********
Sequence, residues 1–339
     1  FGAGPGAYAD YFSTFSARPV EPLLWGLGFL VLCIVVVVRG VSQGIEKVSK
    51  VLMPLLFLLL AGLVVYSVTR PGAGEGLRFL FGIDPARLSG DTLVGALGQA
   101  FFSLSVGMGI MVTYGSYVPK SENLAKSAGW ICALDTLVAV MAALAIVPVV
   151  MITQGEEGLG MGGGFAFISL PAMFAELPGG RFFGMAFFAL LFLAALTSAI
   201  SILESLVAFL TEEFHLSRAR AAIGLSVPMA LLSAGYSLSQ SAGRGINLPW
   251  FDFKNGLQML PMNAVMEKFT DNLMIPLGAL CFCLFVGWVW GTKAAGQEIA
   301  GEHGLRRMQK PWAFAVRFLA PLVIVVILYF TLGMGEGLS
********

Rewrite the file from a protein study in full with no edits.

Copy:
Sequence, residues 1–339
     1  FGAGPGAYAD YFSTFSARPV EPLLWGLGFL VLCIVVVVRG VSQGIEKVSK
    51  VLMPLLFLLL AGLVVYSVTR PGAGEGLRFL FGIDPARLSG DTLVGALGQA
   101  FFSLSVGMGI MVTYGSYVPK SENLAKSAGW ICALDTLVAV MAALAIVPVV
   151  MITQGEEGLG MGGGFAFISL PAMFAELPGG RFFGMAFFAL LFLAALTSAI
   201  SILESLVAFL TEEFHLSRAR AAIGLSVPMA LLSAGYSLSQ SAGRGINLPW
   251  FDFKNGLQML PMNAVMEKFT DNLMIPLGAL CFCLFVGWVW GTKAAGQEIA
   301  GEHGLRRMQK PWAFAVRFLA PLVIVVILYF TLGMGEGLS